RUSH: This is the truth, Jay, this book is the truth. This is real history about the Pilgrims, and I’m just ecstatic that you guys encountered it.
JAY: Thank you. And also I have to give credit to my dad who bought me this book. You know, I didn’t know that you made books at first. I thought you were just, you know, a radio talk host.
JAY: And I didn’t know you made history books, so my dad went out and bought me this book, and I’m just really thankful that he did.
RUSH: So am I. God bless you and your dad. Now, Jay, hang on, because we gotta get your address to send you all this stuff.
RUSH: So don’t go away. Thanks again ever so much.
RUSH: We go back to the phones — and, ladies and gentlemen, we have another 12-year-old who has read Rush Revere and the Brave Pilgrims. No, he hadn’t finished it, actually, it says here. This is Ben in Maryville, Tennessee. Ben, are you still there?
CALLER: Yes, sir.
RUSH: Well, thank you. So it says here that you haven’t finished the book yet —
RUSH: — but that you really like it?
CALLER: I have not finished the book. Yes, I really like it, and I think I’m on the page 119/120, and I just started it this week, so it’s really fast to read it.
RUSH: You are a fast reader.
CALLER: (laughs) Well, I’m fast on books that I really like.
RUSH: Yeah, I know, that’s exactly the way I am. If I’m reading something I don’t like, I just plod through it.
RUSH: Well, this is great. You’re on page 120. I mean, you’re roughly halfway through it.
CALLER: Yeah. There’s 201 pages, I think.
RUSH: Well, actually content, yeah. Now, let me ask: Ben, have you, in school, learned about the Pilgrims yet to any great degree? Have you learned much about them at all prior to reading this book.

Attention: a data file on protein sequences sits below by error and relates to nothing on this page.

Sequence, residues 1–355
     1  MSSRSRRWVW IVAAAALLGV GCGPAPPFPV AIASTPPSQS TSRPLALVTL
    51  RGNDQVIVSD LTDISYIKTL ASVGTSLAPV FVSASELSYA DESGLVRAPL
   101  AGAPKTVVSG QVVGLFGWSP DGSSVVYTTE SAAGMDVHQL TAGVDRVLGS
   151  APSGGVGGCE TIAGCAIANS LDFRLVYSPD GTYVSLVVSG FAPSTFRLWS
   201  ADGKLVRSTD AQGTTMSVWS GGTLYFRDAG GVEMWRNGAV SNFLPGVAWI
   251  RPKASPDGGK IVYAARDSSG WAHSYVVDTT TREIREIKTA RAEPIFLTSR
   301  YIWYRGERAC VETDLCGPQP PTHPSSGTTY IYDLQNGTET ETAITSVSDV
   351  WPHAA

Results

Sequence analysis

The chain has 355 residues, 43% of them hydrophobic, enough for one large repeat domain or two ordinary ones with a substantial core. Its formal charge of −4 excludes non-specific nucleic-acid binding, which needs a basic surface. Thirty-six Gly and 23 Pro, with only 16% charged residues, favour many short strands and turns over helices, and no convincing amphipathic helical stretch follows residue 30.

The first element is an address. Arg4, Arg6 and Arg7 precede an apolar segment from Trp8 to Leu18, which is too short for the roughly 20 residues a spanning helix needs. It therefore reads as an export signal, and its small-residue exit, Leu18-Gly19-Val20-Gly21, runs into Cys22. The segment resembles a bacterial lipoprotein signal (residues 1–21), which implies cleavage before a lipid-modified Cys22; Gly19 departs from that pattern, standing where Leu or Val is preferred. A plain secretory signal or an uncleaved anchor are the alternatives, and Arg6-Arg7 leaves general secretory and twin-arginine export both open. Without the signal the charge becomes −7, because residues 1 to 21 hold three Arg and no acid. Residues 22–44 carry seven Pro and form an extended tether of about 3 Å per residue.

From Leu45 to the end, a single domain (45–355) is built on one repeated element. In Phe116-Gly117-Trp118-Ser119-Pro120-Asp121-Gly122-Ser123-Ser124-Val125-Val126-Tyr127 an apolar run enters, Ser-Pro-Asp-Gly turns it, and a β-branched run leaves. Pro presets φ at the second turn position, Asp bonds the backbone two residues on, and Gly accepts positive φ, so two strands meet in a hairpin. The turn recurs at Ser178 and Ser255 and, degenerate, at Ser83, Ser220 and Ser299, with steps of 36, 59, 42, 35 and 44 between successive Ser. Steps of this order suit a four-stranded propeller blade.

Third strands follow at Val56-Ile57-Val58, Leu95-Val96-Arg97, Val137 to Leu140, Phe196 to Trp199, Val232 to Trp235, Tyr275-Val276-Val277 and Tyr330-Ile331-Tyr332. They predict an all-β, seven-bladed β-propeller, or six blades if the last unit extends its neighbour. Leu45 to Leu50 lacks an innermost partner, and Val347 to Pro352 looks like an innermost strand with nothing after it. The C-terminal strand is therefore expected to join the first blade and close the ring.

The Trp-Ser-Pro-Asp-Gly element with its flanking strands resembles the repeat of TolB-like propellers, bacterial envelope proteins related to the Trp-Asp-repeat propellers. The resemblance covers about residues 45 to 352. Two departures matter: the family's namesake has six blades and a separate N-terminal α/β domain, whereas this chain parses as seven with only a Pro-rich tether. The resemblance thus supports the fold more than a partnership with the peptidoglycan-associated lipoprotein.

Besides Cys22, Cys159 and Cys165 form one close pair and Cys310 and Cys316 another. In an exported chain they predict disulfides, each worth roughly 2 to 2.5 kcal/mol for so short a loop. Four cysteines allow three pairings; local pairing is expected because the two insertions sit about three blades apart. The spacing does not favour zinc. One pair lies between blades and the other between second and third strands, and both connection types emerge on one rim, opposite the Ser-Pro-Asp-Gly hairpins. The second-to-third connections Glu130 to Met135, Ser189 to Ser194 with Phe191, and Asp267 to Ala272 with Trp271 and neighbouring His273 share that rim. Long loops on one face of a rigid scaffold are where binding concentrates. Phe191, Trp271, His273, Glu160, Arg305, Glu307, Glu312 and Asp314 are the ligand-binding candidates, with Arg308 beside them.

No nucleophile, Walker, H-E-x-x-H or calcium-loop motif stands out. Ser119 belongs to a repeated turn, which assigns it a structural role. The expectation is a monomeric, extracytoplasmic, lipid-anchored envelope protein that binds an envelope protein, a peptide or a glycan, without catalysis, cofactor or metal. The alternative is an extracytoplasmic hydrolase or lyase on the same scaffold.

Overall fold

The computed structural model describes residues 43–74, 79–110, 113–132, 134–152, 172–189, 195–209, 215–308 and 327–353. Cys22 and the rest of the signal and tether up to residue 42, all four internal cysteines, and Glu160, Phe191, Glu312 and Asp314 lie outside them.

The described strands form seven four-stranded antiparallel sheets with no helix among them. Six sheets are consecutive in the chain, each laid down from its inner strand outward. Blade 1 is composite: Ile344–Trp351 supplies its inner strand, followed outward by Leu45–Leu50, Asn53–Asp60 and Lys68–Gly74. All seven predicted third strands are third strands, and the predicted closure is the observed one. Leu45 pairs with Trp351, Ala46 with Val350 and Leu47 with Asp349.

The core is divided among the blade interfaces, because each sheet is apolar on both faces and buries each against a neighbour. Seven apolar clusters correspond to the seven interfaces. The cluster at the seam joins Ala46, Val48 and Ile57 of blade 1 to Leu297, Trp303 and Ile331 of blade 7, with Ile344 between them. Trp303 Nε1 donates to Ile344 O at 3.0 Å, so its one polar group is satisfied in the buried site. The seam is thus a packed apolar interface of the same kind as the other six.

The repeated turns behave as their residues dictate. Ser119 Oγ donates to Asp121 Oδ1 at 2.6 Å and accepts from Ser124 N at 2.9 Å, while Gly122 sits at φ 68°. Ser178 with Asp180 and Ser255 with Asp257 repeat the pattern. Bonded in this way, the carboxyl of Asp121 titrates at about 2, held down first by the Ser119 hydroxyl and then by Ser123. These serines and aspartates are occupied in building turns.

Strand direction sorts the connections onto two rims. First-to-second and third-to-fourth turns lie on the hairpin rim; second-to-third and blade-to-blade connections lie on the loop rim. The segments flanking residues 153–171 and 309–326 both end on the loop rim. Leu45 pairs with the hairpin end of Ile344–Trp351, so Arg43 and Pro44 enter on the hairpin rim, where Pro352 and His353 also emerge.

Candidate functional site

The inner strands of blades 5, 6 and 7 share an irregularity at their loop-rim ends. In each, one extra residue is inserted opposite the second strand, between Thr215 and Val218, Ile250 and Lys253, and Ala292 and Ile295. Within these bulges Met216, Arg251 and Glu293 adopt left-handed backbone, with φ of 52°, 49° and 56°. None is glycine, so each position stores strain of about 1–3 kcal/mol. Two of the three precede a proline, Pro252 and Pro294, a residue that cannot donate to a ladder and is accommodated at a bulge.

CALLER: No. I’ve learned a whole lot more in this book so far than I have in school about the Pilgrims, like I did not know that they were called the Puritans.
RUSH: Yeah. See, you didn’t know?
RUSH: That is… I wasn’t taught that, either. When I learned about the Puritans and the Victorians, all that came much later in school for me.
RUSH: I’ll tell you, one of the things that even for me when I was learning about the Pilgrims, was the religious aspect. I mean, I was told that they were fleeing religious persecution. I didn’t know, I wasn’t taught how deeply religious they were.
CALLER: Yeah, I didn’t know that, either, about them.
RUSH: Well, that’s great that you’re learning it, ’cause I guarantee you the story that you’re reading is the truth, and it’s —
RUSH: — been so incorrectly written in a lot of classrooms, it’s taught in a way that really isn’t true. So that’s why I wrote it.
RUSH: It’s exactly for people like you to be able to learn the truth about it, because that really is the root of the founding of the country.
CALLER: And I have a question.
CALLER: Well, it kind of seems to me like, since he’s a substitute, you’re gonna be able to write a series about different historical things. Are you going to write more books?
RUSH: Let me see if I understand the question. You said, “Since Rush Revere is a substitute teacher,” meaning —
CALLER: Yes. Like he could go to substitute another classroom and teach another historical thing. Like, are you gonna make more books?
RUSH: You think that’d be a good thing for there to be more?
CALLER: Yeah, ’cause I really feel like I could learn more from these books than I could in school.
RUSH: You know what? That’s important. I will keep that in mind as I determine what the future holds here.